NS Power logo - mediumLurking behind Nova Scotia Power's increasingly frantic efforts to find renewable sources of electrical generation is the threat of a crushing $500,000-a-day fine should it fail to meet legislated targets for 2010. That works out to $183 million per year—half again what NSP earned its shareholders in 2008. For better or for worse, the threat is symbolic, not real. Under the Electricity Act, a set of regulations known as the Renewable Energy Standards (RES) requires NSP to purchase at least five percent of its 2010 energy supply from renewable sources owned by third parties and built after 2001. The RES requirement increases to 10 percent in 2013, but may include generation from both third party and NSPI facilities. The Climate Change Action Plan, released last January, would have increased this to 25 percent by 2020, but a little noticed NDP campaign promise trumps that provision, moving the 25 percent deadline up to 2015. RES regulations stipulate "a daily penalty of no more than $500,000" for failure to comply.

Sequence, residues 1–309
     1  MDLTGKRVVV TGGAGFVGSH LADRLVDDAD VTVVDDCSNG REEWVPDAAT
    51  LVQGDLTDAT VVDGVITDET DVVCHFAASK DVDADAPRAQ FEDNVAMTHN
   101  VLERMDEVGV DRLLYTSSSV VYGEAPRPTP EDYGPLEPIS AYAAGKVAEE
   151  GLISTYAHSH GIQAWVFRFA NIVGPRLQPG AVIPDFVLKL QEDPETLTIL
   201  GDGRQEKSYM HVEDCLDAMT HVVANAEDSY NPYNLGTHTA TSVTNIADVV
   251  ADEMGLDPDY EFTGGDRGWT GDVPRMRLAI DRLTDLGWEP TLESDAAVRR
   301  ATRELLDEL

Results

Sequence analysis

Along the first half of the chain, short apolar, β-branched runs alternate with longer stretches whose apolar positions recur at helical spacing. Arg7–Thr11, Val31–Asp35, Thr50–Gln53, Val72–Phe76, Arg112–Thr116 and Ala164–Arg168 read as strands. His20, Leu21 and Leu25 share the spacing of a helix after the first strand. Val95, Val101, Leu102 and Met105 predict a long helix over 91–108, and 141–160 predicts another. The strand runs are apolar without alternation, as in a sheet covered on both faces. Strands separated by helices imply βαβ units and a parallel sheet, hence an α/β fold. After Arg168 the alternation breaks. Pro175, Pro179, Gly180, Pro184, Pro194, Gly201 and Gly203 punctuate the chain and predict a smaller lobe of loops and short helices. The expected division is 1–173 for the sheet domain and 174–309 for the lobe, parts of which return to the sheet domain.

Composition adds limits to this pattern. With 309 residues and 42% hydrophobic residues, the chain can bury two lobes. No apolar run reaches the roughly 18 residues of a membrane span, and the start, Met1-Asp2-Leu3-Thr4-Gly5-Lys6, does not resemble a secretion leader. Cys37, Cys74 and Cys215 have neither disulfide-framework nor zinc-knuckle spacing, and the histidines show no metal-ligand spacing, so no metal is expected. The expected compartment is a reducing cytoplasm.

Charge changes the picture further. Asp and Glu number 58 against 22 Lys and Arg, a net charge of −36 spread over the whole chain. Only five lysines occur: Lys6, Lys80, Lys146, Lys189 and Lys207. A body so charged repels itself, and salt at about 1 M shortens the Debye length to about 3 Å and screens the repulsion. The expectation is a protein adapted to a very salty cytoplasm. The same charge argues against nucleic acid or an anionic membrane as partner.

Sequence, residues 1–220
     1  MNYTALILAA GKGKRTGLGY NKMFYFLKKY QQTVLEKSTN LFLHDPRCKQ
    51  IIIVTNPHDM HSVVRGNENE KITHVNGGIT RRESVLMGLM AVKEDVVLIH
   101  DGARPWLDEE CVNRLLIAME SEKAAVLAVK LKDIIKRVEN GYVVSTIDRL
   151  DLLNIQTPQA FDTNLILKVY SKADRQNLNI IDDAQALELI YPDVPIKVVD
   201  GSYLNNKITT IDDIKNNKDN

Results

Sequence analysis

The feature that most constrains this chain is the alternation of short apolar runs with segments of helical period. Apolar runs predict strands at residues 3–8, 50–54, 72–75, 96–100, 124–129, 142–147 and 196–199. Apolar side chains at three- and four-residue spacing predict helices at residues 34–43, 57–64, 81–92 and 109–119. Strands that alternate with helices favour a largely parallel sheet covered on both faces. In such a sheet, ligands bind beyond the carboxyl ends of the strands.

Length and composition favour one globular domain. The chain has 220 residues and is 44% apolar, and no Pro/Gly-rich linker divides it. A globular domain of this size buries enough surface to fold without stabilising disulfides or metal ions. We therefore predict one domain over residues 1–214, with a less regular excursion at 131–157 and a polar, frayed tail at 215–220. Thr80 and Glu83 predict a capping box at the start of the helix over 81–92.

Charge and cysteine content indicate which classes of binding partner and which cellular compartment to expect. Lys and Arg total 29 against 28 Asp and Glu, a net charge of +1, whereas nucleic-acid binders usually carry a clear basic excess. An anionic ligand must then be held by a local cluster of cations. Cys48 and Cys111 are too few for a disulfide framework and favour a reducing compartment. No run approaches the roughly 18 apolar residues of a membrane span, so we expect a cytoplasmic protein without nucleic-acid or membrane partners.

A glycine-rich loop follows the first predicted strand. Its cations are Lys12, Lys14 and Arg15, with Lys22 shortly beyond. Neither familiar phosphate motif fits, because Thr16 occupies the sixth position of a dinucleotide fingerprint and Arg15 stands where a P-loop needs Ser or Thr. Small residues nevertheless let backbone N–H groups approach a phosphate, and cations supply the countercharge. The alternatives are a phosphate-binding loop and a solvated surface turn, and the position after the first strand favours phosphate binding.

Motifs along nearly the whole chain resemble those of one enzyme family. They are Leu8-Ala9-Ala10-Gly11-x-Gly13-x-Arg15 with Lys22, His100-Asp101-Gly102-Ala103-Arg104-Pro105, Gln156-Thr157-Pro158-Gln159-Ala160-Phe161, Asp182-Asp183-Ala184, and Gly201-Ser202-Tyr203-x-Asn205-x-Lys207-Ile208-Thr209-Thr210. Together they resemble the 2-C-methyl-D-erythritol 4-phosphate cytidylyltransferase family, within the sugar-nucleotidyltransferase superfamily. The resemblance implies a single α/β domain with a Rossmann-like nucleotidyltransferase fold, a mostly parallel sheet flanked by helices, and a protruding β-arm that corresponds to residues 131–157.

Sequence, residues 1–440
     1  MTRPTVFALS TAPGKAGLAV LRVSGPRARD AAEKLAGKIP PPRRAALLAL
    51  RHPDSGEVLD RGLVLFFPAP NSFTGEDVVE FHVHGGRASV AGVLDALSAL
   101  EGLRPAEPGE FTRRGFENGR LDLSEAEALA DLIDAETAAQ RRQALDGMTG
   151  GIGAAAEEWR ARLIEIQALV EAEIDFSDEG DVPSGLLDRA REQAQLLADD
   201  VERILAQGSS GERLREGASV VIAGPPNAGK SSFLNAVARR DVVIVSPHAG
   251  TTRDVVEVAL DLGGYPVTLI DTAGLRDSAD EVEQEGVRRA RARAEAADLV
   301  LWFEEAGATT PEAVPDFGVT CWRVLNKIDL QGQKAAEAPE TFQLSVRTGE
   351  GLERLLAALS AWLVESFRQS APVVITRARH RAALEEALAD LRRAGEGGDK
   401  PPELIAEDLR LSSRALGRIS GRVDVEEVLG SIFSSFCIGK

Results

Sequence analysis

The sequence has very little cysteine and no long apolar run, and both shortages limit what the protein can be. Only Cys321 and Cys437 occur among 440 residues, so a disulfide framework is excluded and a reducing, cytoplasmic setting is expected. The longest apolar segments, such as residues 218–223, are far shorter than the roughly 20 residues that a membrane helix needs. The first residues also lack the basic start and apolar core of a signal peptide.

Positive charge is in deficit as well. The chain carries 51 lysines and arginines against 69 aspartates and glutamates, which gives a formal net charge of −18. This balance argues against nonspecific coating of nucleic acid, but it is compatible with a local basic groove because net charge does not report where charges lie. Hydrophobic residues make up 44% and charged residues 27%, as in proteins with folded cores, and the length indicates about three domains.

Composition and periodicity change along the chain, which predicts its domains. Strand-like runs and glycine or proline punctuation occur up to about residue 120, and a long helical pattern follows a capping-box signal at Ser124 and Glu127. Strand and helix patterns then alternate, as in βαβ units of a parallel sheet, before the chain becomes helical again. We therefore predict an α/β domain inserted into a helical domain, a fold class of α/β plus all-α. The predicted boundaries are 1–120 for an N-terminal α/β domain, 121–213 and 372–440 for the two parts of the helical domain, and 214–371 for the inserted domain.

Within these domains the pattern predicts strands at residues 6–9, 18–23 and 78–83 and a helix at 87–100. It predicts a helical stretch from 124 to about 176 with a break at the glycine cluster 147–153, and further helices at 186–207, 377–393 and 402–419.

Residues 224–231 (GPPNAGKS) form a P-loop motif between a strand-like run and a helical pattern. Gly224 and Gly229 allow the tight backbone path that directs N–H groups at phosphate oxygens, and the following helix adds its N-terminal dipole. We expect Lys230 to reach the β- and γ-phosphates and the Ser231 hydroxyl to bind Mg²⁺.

[caption id="attachment_777" align="alignright" width="150" caption="Dr. Chris Milburn"]Dr. Chris Milburn[/caption] What's disquieting about our New Democratic Party government-in-waiting is the same thing that's been disturbing about Nova Scotia for decades: a lack of compelling leadership. It's not simply that our once-upon-a-time socialists have moved to the dead center of the road. Contrarian is OK with that. It's Darrell Dexter's meticulous avoidance of anything that might challenge voters in any way. The NDP knew that to get elected, they would have to win seats in rural Nova Scotia. They took polls and conducted focus groups, and discovered that rural Nova Scotians are upset about emergency room closures. So the NDP promised to end those closures, even though every thoughtful observer knows that doing so would be a wasteful diversion of scarce health care dollars. Among other things, it will make recruitment of physicians to rural areas more difficult, not easier. Why would a fully trained physician want to sit in an emergency room all night to treat one or two patients?